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Day: April 6, 2007

More on Monitoring Unmonitored Patients

After reading a previous blog post, Susan Carr, editor for Patient Safety and Quality Healthcare magazine, asked me to write a feature article on monitoring unmonitored patients. The story will focus on increased patient monitoring to reduce adverse events. I'm shooting for a feature length story, but I need your help. I've got plenty of references from the literature, but if you know someone who has a pre publication paper that I could quote, let me know. I'm also looking for folks to interview. So if you have a point of view on patient safety related adverse events, and how increased (or improved) patient monitoring could help, give me a call. You can read about my previous article for PSQH on patient alarms...

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Hospital Patient Safety Declines in Latest Study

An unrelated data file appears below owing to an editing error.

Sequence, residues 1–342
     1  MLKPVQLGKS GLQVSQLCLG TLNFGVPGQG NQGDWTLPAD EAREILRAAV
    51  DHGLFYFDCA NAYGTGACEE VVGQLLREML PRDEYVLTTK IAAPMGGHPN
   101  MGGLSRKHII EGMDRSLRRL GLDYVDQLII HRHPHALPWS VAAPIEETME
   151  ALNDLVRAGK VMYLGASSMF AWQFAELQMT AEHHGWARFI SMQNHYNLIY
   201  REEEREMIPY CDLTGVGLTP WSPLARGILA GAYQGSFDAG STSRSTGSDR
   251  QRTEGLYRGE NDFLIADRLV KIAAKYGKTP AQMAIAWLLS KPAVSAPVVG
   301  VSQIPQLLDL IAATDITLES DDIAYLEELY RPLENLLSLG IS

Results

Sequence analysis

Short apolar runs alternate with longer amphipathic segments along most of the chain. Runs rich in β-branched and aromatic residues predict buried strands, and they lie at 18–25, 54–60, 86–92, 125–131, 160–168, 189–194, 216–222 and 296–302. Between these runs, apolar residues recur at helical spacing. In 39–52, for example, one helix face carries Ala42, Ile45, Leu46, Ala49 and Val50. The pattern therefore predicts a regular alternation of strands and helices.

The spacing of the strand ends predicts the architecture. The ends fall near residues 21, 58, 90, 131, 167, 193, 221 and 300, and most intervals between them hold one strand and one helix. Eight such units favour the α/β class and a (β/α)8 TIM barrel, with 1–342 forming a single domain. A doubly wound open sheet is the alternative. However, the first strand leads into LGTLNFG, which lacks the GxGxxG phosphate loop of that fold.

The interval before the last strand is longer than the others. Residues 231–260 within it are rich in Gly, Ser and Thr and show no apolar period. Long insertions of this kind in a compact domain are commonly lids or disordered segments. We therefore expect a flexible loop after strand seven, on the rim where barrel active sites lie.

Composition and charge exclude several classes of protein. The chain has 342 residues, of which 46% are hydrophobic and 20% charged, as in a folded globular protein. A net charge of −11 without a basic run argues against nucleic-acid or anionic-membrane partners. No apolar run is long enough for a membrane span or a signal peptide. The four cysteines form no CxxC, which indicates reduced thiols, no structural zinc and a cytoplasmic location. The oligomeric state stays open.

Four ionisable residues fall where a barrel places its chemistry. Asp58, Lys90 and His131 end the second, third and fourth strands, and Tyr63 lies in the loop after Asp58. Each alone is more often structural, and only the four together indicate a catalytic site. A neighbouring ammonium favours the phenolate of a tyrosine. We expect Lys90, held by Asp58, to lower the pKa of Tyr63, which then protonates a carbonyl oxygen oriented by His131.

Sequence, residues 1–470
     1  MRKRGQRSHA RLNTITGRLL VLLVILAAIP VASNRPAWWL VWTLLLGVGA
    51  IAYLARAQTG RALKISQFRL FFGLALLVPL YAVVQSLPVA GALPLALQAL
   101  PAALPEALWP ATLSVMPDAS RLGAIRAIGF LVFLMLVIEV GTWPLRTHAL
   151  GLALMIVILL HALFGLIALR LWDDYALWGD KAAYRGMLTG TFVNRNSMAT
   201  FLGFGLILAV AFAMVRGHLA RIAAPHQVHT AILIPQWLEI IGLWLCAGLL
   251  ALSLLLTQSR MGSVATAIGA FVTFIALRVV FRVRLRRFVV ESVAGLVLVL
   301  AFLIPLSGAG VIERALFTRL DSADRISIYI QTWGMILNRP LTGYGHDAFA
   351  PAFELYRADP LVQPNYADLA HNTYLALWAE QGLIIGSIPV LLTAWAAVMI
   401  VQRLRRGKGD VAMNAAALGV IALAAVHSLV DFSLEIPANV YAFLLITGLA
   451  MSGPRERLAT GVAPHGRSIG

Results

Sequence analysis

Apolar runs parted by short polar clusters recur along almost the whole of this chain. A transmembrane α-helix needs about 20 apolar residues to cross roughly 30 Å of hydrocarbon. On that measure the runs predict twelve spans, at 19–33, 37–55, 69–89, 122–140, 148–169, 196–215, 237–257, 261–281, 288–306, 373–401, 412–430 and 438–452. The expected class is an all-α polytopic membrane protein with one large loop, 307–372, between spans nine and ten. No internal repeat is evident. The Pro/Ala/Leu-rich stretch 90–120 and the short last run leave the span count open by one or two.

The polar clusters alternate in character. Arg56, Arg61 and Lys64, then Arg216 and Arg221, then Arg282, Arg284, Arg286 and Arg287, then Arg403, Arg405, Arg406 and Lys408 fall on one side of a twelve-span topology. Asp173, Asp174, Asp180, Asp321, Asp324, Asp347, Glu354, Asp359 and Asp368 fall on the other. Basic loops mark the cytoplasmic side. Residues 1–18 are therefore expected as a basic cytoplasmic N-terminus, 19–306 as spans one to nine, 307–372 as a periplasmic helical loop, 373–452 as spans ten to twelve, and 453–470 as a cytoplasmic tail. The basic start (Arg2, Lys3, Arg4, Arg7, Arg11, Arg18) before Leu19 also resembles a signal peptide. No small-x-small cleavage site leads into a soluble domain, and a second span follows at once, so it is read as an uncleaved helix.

According to this story in Modern Healthcare, HealthGrades has released their Fourth Annual Patient Safety in American Hospitals Study (pdf press release), and the news is not all good: But comparing the rates of reported PSIs [that's the AHRQs Patient Safety Indicators] for 2003 and 2005, figures supplied to Modern Healthcare but not included in the study report, is not encouraging from a global public health perspective. According to the analysis by HealthGrades, the overall PSI rate for all Medicare patients in 2003 was 2.7947%. By 2005, it was 3.0199%. That's an increase of nearly 8.1%. In addition, incident rates for 10 of the 16 specific PSIs worsened from 2003 to 2005, and those 10 that worsened were on average 11.5% worse, the report said. Just three types of incidents accounted for nearly 72% of all reported PSIs, with “failure to rescue” leading with an incident rate of 134 per 1,000 “at-risk hospitalizations.” Data was available on changes in these specific metrics between 2003 and 2005, with failure to rescue rates dropping (improving) nearly 6%, or eight fewer deaths per 1,000. The other two most common PSIs were decubitus ulcer, 32 per 1,000 at-risk hospitalizations, which increased (worsened) by 18%; and post-operative respiratory failure, 15 per 1,000, which increased (worsened) by 9%. The news isn't all bad, but progress is slow. Major improvements will necessitate greater changes in care...

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